Mesopotamia Valley: The panoramic view offered here is probably unsurpassed in the Caribbean. The richly fertile valley is thickly planted with banana, La Soufrien utmeg, cocoa, coconut, breadfruit and root crops – eddoe, tannia and dasheen. Mountain ridges rise all around, Grand Bonhomme dominating at 3,181 ft. Rivers and streams come together at Mesopotamia to tumble down to the sea over the rocks of the Yambou Gorge

Owia Salt Pond: The Owia Salt Pond is located on the north eastern coast of St Vincent close to the Carib village of Owia, a two hour drive along the scenic eastern coast of St Vincent. Along the way you can see the Rabacca Dry River (ash flow from the 1902 eruption of La Soufrire), Black Point Tunnel (dug by the British in 1815 using slave labour) and some of the best black sand beaches in the world. Owia is home to many of the indigenous people of St Vincent. Be sure to take a dip in the famous Salt Pond

Trinity Falls can be reached by following the trail from Richmond on the leeward side of St Vincent. The 45-minute hike will reward you with a magnificent spectacle – a triple waterfall where clear mountain waters cascade over 100 feet to create a huge whirlpool. A dip in this giant ‘jacuzzi’ is an unforgettable experience

Falls of Baleine: Further up the leeward coast from Trinity Falls are the spectacular Falls of Baleine where the waters plunge down a sheer drop of 60 feet to a pool below. The falls can be reached by overland trek but the best and most popular way is by boat from Kingstown or one of the fishing villages on the island’s west coast

Vermont Nature Trails: The Vermont Nature Trails provide another opportunity for hikers and bird watchers to explore the flora and fauna of the rain forest. The trails start in the Buccament Valley. Here the majesty of the rain forest really comes alive. Massive trees, draped in vines with canopies of vibrant greens contrast with open areas where you might spot red-capped green tanager, cocoa thrush, crested humming birds, black hawks, or the rare St Vincent parrot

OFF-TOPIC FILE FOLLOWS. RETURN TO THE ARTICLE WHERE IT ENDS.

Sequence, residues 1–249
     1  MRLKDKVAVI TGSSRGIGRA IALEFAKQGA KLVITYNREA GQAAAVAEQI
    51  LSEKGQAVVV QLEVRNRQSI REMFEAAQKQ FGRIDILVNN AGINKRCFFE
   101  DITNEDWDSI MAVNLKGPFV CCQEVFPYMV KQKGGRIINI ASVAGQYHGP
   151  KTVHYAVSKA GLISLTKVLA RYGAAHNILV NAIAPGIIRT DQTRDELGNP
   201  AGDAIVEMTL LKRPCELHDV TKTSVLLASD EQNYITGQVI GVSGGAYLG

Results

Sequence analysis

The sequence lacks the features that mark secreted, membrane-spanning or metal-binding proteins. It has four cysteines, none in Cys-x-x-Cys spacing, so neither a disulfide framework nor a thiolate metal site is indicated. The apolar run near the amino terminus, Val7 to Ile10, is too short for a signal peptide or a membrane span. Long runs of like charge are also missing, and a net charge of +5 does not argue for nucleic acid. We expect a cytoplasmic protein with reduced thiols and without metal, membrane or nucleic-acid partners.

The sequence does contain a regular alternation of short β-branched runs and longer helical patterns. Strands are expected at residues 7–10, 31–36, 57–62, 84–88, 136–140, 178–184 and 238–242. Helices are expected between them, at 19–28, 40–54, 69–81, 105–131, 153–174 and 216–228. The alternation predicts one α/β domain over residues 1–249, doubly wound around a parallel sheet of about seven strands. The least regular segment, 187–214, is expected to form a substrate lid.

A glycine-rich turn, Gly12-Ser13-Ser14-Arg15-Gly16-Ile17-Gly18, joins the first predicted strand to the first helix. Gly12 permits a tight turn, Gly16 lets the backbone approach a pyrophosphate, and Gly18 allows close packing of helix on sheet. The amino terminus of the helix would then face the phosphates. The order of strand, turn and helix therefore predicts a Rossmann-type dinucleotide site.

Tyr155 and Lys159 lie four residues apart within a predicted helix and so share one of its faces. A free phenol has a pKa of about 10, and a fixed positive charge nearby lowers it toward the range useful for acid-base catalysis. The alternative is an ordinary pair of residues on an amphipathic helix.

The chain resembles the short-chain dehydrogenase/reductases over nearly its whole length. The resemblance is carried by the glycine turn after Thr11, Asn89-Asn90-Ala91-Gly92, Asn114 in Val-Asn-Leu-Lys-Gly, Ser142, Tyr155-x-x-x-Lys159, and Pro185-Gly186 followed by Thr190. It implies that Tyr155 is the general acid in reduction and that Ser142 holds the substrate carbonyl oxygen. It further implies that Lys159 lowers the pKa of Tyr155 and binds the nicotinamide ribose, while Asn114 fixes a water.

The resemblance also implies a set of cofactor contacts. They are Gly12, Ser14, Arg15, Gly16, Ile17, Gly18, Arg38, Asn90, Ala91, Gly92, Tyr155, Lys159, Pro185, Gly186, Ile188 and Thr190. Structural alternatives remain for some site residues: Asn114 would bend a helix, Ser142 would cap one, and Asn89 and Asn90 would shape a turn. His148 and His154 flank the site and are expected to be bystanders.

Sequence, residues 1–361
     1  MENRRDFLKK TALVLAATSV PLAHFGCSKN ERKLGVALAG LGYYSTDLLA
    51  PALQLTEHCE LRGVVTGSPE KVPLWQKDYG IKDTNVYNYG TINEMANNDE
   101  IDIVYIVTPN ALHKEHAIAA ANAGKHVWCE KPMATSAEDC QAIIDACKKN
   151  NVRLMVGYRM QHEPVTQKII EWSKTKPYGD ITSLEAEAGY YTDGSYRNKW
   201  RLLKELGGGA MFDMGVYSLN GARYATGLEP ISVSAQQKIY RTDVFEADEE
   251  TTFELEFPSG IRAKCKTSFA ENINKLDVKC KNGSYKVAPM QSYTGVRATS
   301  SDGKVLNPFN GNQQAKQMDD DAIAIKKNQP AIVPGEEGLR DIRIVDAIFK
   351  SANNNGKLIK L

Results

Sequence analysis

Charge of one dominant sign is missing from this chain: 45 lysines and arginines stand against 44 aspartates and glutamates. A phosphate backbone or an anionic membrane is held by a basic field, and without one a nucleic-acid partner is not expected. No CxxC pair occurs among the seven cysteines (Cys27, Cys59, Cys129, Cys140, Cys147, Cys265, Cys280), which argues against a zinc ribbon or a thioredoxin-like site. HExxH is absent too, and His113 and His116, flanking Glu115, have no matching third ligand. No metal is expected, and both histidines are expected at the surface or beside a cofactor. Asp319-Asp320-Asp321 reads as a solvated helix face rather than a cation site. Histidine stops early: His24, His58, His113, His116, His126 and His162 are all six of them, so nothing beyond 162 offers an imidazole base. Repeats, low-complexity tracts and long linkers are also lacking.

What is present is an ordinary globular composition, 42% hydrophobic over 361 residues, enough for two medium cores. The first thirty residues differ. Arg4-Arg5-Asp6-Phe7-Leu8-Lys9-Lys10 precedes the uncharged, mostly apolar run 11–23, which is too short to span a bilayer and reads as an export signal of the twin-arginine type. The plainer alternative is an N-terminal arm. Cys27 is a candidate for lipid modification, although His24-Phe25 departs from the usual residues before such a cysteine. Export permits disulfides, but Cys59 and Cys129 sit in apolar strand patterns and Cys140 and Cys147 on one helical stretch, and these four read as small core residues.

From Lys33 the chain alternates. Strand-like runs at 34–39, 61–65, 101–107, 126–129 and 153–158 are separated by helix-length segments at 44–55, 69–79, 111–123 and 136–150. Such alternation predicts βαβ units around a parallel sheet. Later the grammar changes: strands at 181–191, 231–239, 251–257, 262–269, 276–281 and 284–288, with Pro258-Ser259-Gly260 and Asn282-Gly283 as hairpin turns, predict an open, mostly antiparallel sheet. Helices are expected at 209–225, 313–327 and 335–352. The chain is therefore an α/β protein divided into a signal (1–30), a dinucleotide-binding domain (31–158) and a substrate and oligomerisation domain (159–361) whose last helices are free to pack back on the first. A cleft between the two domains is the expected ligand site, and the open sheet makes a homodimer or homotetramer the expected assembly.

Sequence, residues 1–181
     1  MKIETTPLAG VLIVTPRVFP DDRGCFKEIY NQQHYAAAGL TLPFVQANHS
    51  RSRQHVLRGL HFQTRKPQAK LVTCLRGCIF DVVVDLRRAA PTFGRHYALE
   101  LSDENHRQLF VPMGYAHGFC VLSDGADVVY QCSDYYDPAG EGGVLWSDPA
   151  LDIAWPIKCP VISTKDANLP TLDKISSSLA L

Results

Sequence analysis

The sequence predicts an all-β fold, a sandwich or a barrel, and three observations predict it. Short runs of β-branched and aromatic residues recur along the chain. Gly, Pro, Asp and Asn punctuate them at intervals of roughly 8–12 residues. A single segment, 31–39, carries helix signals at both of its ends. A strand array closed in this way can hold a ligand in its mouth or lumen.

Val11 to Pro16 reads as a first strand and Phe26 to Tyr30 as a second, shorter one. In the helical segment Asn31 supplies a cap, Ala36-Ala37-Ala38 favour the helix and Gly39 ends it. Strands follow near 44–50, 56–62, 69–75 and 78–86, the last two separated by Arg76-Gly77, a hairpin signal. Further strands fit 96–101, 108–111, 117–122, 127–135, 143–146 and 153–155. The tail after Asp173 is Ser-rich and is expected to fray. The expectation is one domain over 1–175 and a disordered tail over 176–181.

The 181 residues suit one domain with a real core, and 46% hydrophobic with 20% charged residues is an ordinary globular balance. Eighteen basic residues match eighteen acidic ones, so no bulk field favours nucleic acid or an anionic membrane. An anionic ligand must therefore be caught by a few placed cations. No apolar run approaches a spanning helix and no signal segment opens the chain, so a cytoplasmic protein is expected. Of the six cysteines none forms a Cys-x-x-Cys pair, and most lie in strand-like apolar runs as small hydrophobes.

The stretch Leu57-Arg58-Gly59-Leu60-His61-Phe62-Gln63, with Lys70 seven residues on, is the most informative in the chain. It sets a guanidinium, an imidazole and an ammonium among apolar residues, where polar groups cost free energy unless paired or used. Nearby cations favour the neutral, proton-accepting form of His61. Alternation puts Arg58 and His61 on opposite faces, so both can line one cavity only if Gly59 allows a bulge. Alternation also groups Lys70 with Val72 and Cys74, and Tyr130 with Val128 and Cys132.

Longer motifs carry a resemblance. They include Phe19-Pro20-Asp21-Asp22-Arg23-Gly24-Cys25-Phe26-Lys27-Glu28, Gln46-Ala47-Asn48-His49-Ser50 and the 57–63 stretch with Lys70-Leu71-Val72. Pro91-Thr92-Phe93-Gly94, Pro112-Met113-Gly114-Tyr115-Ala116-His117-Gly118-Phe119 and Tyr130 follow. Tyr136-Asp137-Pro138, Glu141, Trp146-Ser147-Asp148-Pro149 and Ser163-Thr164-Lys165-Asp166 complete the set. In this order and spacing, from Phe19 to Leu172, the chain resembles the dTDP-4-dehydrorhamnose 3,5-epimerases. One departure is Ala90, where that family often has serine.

Trinity Falls: Trinity Falls can be reached by following the trail from Richmond on the leeward side of St Vincent. The 45-minute hike will reward you with a magnificent spectacle – a triple waterfall where clear mountain waters cascade over 100 feet to create a huge whirlpool. A dip in this giant ‘jacuzzi’ is an unforgettable experience.

Falls of Baleine: Further up the leeward coast from Trinity Falls are the spectacular Falls of Baleine where the waters plunge down a sheer drop of 60 feet to a pool below. The falls can be reached by overland trek but the best and most popular way is by boat from Kingstown or one of the fishing villages on the island’s west coast

Vermont Nature Trails: The Vermont Nature Trails provide another opportunity for hikers and bird watchers to explore the flora and fauna of the rain forest. The trails start in the Buccament Valley. Here the majesty of the rain forest really comes alive. Massive trees, draped in vines with canopies of vibrant greens contrast with open areas where you might spot red-capped green tanager, cocoa thrush, crested humming birds, black hawks, or the rare St Vincent parrot.

The Grenadines: The Grenadines are similarly blessed with magnificent beaches, interesting walks and spectacular views. Bequia, Mustique, Canouan, Mayreau, Palm Island, Petit St Vincent and Union Island can all be reached by scheduled ferries, private hire boats or local air services.

Sailing in the Grenadines is a favorite pastime for yachties, but used to be frequented by pirates. The water is exceptionally clear and loaded with colorful marine life.

The people are very hospitable and serve up delightful cuisine fresh from the ocean.